Thursday, January 29, 2015

Hakka Yam Abacus Beads Noodles

This noodle dish is a Hakka cuisine. We love eating this small cute little noodles. But surprisingly this noodle is not easily available from Chinese restaurants or hawker centres. So in order to enjoy this noodle, I made this a couple of months ago and am sharing it today with Little Thumbs Up January 2015 : Pasta/Noodles. 

These little rounded noodles are made up of mashed steamed yam and tapioca flour, which is mixed with a little boiling water, to form a dough. The dough is then made into small round balls (about the size of a small cherry tomato),  with one side pressed in the centre to make an indentation (resembling the abacus). The balls of noodles are then dropped into hot boiling water, drained and stir-fried as a noodle meal. 


A plate of Hakka Yam Abacus Beads Noodles


To make the yam abacus, firstly yam is steamed and mashed, then mix with some tapioca flour, and a little hot boiling water to make a dough. Pinches of dough is formed into small round balls, with an indentation on one side (use the back of a round chopstick), to resemble an abacus. They are then dropped into a pot of boiling water to cook, and when they start to float up, they are cooked. Remove and drain, they are now ready to be stir-fried.



The abacus beads noodles are soft on the outside with chewy centre, and is usually stir-fried with meat, mushrooms, soy sauce, oyster sauce and garnished with lots of crispy fried shallots and chopped spring onions. Serve hot, though they are great when eaten at room temperature too. A small plate is really quite filling! I love eating it with a condiment of sliced hot bird's eye chillies with a dash of light soy sauce.


Hakka Yam Abacus Beads Noodles
(adapted from "Delightful Snacks & Dim Sum", Agnes Chang)
600gm yam, cut into chunks, steamed until soft and mashed finely
300gm tapioca flour
1 tsp salt
some boiling water to mix, if necessary (I used about 3-4 tbsps)

2000ml water
2 tbsp oil

4 tbsp oil
1 tbsp chopped garlic and shallots
3 tbsp dried prawns, soaked
2 tbsp dried squid shreds, soaked (omitted)
200gm minced meat
3 dried Shiitake mushrooms, soaked till soften, and cut to thin slices
3 tbsp black fungus, soaked, shredded (ommited)

Seasoning :
1 tbsp fish sauce (I replaced with oyster sauce)
1 tbsp chicken stock granules (I use 1/2 tsp)
1 tsp dark soy sauce
salt to taste (I use light soy sauce)
1/4 tsp white pepper powder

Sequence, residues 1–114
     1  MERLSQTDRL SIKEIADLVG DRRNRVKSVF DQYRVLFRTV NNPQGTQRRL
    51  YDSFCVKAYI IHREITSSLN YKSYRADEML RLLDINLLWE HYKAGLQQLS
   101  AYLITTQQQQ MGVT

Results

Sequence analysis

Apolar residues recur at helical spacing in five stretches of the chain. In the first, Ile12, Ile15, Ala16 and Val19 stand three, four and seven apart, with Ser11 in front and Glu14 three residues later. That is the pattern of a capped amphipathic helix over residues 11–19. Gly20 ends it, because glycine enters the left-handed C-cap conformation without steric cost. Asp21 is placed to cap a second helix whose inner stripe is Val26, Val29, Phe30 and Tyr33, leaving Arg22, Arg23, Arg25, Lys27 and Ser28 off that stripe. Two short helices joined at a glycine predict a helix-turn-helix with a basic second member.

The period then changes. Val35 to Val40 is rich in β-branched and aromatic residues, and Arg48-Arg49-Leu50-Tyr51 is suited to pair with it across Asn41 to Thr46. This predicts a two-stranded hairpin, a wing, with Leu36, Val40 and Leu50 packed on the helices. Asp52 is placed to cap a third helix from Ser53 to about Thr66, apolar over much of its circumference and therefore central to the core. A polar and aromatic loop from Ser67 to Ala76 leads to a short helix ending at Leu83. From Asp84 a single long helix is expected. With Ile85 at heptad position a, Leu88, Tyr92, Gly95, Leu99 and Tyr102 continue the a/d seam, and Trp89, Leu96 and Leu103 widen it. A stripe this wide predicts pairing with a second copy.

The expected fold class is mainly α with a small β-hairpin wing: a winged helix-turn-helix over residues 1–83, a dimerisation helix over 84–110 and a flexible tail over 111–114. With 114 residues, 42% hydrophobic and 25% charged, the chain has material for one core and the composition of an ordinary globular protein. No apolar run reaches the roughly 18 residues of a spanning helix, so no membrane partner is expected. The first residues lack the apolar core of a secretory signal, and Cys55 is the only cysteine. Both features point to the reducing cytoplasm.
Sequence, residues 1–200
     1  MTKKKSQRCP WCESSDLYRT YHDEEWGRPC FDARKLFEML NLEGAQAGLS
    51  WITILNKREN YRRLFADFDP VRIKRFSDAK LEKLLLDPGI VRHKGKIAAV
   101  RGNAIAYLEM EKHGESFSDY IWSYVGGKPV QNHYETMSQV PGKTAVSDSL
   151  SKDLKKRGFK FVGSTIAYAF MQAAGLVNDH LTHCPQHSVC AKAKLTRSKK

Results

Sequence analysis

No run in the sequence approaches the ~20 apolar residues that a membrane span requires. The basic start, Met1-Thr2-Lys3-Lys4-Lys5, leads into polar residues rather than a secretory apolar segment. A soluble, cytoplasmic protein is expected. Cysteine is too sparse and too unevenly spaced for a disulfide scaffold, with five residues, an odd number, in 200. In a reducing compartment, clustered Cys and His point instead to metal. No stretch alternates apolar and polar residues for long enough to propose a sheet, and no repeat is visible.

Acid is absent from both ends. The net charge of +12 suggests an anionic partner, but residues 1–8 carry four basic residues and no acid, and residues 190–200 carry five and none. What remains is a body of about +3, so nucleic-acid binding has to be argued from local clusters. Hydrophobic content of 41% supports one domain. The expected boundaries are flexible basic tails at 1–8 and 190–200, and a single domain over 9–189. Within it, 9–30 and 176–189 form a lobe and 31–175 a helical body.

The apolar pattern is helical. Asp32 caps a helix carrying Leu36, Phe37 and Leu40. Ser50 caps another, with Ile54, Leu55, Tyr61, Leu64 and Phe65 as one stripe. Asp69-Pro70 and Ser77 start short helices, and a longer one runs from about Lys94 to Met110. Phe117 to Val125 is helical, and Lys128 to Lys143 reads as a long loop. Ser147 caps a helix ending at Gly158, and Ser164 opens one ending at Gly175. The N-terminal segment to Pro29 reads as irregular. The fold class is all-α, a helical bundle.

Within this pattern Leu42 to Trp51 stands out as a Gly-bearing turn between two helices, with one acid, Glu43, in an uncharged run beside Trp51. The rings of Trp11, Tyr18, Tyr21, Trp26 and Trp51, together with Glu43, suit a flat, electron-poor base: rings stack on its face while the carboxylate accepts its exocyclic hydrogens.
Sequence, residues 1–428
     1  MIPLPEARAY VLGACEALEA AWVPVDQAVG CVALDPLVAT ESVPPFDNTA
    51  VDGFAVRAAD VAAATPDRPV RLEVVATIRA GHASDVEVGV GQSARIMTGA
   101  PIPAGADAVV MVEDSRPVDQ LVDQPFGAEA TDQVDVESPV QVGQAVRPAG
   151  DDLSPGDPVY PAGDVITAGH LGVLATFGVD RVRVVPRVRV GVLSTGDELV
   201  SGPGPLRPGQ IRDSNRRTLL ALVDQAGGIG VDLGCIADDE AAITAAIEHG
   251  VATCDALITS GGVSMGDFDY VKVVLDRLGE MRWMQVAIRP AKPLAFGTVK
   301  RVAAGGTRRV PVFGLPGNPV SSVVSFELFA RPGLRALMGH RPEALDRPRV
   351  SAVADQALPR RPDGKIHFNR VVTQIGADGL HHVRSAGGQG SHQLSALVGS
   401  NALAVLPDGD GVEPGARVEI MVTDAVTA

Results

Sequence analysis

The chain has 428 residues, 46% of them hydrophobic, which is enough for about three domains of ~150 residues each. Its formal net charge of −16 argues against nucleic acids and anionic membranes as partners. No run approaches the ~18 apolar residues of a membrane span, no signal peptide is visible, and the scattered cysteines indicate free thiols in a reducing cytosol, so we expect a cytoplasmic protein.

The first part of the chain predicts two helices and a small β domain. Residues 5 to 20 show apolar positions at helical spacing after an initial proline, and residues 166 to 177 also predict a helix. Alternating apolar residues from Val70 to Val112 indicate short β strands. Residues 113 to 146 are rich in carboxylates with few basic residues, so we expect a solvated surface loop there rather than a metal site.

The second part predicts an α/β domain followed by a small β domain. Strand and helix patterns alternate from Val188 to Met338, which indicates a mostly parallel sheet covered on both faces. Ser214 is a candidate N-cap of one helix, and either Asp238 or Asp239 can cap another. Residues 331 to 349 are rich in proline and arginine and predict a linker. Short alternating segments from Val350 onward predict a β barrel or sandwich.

1/2 tsp sesame oil
1 cup water

Garnishing :
1 egg, fried into thin omelette, shredded (omitted)
some chopped spring onion, red chillies and fried shallots

  1. Combine mashed yam and tapioca flour, mix into a pliable dough, adding some boiling water if necessary. Divide into small portions and form into the shape of abacus. (pinch some rolls of dough, the size of a small cherry tomato, roll in between your palms into a round and make an indent in the centre with your fingertip). Cook in rapidly boiling water until they float to the surface. Remove and place the abacus rounds into a pot filled with cool water. Repeat until all the abacus rounds are cooked. Drain and place in a large bowl. Mix with 2 tbsp oil. Keep aside.
  2. Heat up 4 tbsp oil, saute chopped garlic and shallots until fragrant. Add in dried prawns, dried squid shreds and stir-fry until aromatic. Add minced meat, mushroom shreds, black fungus shreds and stir-fry until fragrant. Add in seasoning and bring to the boil. Stir in yam abacus and stir-fry until dry. Taste and dish up. 
  3. Garnish with shredded omelette, spring onion, red chillies, fried shallots and serve hot.

I'm linking this post to :
Little Thumbs Up January 2015 : Pasta/Noodles organised by Zoe of Bake For Happy KidsDoreen of My Little Favourite D.I.Y, and hosted by Anne of My Bare Cupboard.

Tuesday, January 27, 2015

Brown-Butter-and-Vanilla-Bean Weekend Cake

This week's bake at Tuesdays With Dorie (TWD) where we are currently baking from the lovely book "Baking Chez Moi", by Dorie Greenspan is Brown-Butter-and-Vanilla-Bean Weekend Cake. 

According to Dorie, "The French call this a weekend cake because it will last all weekend, and it's good with so many kinds of weekend meals and outings."